Pope Francis, condemning the “blind violence” of the terrorist attacks in Brussels, offered his prayers to the victims, the injured, their families and all those offering assistance in the aftermath of the bombings.
Cardinal Pietro Parolin, Vatican secretary of state, sent the pope’s condolences to Archbishop Jozef De Kesel of Mechelen-Brussels. “The Holy Father again condemns the blind violence which causes so much suffering, and he implores from God the gift of peace,” the message said.
The pope “entrusts to God’s mercy those who died and, in prayer, he shares the pain of their loved ones,” the message said. “He expresses his deepest sympathy to the injured and their families, as well as for all those providing assistance, “asking the Lord to give them comfort and consolation amid this ordeal.”
Jesuit Fr Federico Lombardi, Vatican spokesman, told reporters the attacks in Brussels would not lead to any changes in Pope Francis’ Holy Week and Easter schedule. Already for the Year of Mercy, especially after the November terrorist attacks in Paris, the Italian police presence at the Vatican has been increased.
Three nearly simultaneous attacks — two at the Brussels airport and one on the Brussels area of Maalbeek, near where much of the European Union is based — left at least 26 dead and dozens more injured. At least one of the airport attacks was attributed to a suicide bomber.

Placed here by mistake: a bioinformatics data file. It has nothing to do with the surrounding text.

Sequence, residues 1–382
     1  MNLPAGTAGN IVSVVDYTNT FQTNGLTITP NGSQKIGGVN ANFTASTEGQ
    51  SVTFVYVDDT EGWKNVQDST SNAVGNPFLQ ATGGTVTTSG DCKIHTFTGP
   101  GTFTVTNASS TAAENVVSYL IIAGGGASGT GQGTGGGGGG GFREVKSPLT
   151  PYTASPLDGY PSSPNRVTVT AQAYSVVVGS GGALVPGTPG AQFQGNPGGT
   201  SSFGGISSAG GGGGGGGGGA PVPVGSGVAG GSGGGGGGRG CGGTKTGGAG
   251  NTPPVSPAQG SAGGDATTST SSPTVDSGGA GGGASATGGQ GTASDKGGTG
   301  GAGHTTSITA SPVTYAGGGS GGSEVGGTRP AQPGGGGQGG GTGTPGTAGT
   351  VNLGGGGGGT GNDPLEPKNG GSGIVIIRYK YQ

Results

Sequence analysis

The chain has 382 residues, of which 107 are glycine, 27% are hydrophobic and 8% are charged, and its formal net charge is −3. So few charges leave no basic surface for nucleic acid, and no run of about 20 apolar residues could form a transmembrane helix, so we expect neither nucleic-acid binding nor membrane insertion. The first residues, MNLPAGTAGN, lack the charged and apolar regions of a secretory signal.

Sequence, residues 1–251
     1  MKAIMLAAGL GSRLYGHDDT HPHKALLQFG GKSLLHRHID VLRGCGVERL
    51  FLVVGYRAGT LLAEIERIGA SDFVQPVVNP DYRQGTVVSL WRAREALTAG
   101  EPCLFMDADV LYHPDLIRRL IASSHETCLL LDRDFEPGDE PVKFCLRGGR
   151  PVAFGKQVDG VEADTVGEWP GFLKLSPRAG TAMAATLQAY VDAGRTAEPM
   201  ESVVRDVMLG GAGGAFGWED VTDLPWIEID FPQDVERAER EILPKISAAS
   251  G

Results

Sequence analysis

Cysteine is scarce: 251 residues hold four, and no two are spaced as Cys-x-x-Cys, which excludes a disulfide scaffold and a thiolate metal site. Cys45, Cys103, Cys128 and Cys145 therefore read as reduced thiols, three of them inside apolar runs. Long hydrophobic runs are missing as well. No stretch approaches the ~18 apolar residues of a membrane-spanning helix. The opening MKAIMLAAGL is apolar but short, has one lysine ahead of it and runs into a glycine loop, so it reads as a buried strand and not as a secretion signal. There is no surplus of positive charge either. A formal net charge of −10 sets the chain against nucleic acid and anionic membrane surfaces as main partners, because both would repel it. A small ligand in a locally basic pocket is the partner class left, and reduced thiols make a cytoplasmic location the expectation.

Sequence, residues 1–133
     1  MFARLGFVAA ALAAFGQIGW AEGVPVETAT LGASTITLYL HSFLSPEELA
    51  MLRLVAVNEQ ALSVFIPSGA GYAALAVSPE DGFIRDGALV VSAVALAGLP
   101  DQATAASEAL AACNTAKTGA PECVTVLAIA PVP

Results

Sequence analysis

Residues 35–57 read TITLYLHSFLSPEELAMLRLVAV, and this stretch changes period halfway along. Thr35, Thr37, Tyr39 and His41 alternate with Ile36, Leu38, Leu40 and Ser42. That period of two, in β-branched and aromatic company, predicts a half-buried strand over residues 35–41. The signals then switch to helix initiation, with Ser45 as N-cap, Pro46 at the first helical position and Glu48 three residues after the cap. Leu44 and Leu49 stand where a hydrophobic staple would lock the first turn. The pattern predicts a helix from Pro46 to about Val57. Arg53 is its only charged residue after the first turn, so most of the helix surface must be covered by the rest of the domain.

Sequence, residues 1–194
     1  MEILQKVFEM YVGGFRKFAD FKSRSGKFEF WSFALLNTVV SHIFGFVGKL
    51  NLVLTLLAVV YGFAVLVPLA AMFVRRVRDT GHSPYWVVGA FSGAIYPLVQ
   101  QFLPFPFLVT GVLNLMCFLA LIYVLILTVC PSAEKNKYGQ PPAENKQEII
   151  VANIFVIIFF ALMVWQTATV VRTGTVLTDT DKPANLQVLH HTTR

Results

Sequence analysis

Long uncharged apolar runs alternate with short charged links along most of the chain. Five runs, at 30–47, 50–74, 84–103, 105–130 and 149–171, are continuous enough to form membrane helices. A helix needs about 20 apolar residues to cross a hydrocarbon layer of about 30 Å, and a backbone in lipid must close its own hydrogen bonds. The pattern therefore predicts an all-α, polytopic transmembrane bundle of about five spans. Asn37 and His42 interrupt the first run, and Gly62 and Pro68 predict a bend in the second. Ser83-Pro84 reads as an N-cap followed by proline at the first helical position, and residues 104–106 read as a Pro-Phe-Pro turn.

The Associated Press reported that a spokesman for the Brussels Metro said 15 people were killed and 55 injured in an explosion on a train, and Belgian media reported at least 11 dead in two explosions at the airport, with many others injured. No one immediately claimed responsibility for the attacks, but European security officials had been bracing for an attack for weeks, AP reported.
After the attacks, Belgium raised its terror alert to the highest level. A day earlier, gunmen in Bamako, Mali, targeted a hotel that was serving as the headquarters of EU troops who were there to train the country’s military. Mali and other West African countries have been under attack by Islamic extremists.
Catholic Relief Services, which has programs in Mali, announced that its staffers were safe after the attack.